Just a few weeks after the budget, and following protests from across the parties in Parliament, it seems the government may now need to rethink its controversial plans to reduce the PIP budget. Opposition to the proposed reform of Personal Independent Payments for people with disabilities came from within Conservative Party ranks as well as Labour and the other opposition parties. The government had also received criticism from various charity groups expressing concern about increasing levels of poverty amongst the disabled population that could have made a difficult situation worse.
In the budget, Chancellor of the Exchequer George Osborne stated it would save the country over £4.4bn. The measures proposed would allow people with disabilities greater independence and “protect the most vulnerable”. It was also stated that some who presently claim PIP would be better financially off under the new scheme.
High Profile Critics
Many disagreed that this would be the case and the protests started almost immediately following the 2016 Budget. The biggest shock was the resignation of Iain Duncan Smith, former party leader and (then) head of the Department for Work and Pensions. He said that it was morally wrong to make further cuts to disability payments in the same budget that granted tax cuts to the richest demographic. Smith had previously been criticised by the same charities for the number of people passed by DWP as “fit to work”, some of whom died of illnesses within a matter of weeks of the judgement.
Nevertheless, Iain Duncan Smith tendered his resignation from the DWP amid an argument between that department and the Treasury. The Chancellor claimed that his figures were based on the DWP’s analysis; in turn, the DWP claimed they had been rushed into making a judgement without enough time to produce a full report and check their own figures. The war of words between Duncan Smith and Osborne rages on and may last until the leadership contest, whenever that takes place.
Boris Johnson, current London Mayor and a leadership hopeful for when David Cameron steps down said that the Treasury had “made a mistake” in the PIP reforms and budget cuts.
What Next for PIP?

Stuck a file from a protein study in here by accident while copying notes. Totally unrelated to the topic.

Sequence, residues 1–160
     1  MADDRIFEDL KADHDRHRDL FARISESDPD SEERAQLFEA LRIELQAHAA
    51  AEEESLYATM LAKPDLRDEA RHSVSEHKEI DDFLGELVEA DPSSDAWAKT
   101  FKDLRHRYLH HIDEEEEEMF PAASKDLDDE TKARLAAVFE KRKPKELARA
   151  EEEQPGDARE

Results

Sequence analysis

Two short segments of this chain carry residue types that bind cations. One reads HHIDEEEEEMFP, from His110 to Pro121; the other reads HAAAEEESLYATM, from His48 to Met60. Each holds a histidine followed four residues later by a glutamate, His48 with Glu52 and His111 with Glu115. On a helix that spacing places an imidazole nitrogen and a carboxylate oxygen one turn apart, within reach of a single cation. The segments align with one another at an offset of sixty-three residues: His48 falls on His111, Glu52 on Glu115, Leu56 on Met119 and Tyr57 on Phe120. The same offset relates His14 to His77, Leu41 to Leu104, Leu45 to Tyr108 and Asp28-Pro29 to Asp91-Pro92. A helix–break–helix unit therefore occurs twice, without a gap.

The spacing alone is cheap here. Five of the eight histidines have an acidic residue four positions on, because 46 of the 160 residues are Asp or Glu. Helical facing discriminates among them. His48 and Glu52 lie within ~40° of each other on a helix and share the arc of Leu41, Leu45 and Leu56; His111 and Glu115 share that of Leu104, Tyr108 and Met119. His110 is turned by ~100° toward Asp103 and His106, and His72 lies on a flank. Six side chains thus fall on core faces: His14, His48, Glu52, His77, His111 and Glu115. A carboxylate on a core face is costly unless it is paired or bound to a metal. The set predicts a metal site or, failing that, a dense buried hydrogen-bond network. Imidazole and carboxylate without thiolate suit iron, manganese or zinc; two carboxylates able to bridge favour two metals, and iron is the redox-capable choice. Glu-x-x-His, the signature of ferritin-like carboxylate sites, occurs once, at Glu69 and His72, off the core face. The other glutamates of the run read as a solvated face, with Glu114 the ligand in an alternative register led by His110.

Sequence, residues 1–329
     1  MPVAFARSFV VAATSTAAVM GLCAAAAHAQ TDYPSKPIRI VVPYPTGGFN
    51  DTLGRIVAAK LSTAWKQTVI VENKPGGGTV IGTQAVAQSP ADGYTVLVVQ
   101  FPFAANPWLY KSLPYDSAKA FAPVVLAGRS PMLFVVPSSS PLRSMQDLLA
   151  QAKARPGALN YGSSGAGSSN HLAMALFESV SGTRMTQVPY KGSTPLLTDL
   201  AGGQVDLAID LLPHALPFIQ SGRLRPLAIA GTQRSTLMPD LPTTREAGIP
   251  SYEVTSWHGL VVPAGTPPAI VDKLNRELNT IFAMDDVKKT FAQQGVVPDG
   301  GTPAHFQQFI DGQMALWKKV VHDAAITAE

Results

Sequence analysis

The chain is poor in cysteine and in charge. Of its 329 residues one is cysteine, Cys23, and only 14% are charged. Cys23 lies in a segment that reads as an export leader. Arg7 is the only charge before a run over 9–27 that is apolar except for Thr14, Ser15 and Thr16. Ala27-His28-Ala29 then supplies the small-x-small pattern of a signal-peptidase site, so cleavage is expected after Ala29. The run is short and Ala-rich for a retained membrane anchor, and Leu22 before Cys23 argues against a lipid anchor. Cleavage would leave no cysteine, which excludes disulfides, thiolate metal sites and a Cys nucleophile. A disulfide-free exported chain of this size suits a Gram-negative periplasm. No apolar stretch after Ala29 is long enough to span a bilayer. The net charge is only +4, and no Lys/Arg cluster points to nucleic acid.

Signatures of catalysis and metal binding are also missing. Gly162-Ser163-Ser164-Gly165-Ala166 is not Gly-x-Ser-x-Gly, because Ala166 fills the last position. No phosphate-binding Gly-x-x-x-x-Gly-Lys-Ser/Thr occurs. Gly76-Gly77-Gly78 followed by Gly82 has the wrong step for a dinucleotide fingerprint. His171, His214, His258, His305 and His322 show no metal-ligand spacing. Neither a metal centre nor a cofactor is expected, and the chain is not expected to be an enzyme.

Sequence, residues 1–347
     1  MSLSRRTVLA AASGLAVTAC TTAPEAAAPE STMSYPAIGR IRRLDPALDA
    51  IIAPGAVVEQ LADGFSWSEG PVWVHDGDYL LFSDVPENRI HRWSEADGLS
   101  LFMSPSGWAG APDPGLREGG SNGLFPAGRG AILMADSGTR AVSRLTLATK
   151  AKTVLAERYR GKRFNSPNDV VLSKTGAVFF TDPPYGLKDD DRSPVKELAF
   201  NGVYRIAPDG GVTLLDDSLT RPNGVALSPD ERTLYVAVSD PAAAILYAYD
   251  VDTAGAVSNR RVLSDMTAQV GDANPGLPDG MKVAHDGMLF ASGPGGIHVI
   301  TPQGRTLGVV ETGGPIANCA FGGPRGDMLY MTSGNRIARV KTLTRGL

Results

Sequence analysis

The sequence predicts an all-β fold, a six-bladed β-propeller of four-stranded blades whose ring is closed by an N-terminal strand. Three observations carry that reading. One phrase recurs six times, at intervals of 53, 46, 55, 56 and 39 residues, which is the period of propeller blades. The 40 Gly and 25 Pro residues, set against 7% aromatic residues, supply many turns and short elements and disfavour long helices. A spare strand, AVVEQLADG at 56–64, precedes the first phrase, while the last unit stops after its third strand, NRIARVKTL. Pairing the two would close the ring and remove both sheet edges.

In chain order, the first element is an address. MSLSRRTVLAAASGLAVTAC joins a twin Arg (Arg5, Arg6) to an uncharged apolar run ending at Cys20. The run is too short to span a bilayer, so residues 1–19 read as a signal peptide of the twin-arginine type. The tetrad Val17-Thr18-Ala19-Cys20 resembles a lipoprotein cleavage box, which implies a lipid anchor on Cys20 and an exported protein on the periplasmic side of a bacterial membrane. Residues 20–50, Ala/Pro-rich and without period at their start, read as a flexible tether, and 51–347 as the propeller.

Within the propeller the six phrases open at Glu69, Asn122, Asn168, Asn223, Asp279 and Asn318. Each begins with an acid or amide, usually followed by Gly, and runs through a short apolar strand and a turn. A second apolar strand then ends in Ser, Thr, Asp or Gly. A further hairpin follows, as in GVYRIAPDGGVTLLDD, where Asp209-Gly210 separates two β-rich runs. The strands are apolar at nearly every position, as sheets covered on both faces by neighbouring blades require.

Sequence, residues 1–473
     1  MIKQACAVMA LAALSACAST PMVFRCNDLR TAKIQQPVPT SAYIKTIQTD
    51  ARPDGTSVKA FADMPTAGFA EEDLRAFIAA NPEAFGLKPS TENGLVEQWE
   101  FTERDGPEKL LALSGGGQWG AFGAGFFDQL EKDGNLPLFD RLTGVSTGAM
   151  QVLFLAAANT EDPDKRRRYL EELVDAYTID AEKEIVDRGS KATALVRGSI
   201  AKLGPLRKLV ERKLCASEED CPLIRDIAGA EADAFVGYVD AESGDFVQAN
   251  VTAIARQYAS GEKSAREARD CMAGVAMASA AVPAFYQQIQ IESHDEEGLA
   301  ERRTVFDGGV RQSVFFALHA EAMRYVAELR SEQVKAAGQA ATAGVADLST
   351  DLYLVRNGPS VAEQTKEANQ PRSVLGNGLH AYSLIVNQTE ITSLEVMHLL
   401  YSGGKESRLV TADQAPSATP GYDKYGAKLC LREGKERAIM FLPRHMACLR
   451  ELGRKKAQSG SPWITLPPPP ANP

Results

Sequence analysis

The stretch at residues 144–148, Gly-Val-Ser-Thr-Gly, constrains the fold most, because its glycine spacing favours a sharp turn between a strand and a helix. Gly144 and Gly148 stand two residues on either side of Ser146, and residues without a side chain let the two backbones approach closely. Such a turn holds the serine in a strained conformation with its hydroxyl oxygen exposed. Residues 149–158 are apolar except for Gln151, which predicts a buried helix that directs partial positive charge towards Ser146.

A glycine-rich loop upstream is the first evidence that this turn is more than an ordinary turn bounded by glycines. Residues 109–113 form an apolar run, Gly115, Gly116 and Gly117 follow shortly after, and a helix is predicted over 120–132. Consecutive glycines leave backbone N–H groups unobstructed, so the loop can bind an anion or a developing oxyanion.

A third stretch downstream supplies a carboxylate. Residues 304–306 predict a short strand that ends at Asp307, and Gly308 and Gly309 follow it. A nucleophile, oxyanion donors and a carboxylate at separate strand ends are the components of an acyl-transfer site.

Osborne has largely fended off calls for his resignation, but admitted he had made a mistake. The government climb down on the PIP reforms announced in the March budget may have been shelved, but people should not rule out further changes to the scheme. It is unlikely that we will hear about any further proposed measures until the Autumn Statement. The coming months, and how George Osborne handles any further reforms for PIP, could be the main issue to affect the Chancellor of the Exchequer’s hopes to succeed David Cameron as Prime Minister.
Other Areas the Government May Focus on
The country still has a deficit and the government has been keen to eliminate it since the beginning of the coalition in 2010. They did not manage to eliminate it by 2015 and some say it has increased over that time. The government has already made several changes to reduce the deficit:
- Fuel duty has been frozen for the tax year 2016-17. With the cost of oil still relatively low, the government may look again at fuel duty in the near future; this will all depend on the economic climate.
- Measures were announced in the 2016 budget to prevent multinational companies claiming a loss on their UK operations to avoid paying corporation taxes. In recent years, Facebook, Starbucks and Google have been high-profile tax avoiders.
- Also in the 2016 budget, Osborne announced a sugar tax on companies who make and sell soft drinks. It is believed that most of the money raised will be directed to schools for sports programmes. Should it prove successful, it may be expanded to other areas of the food industry.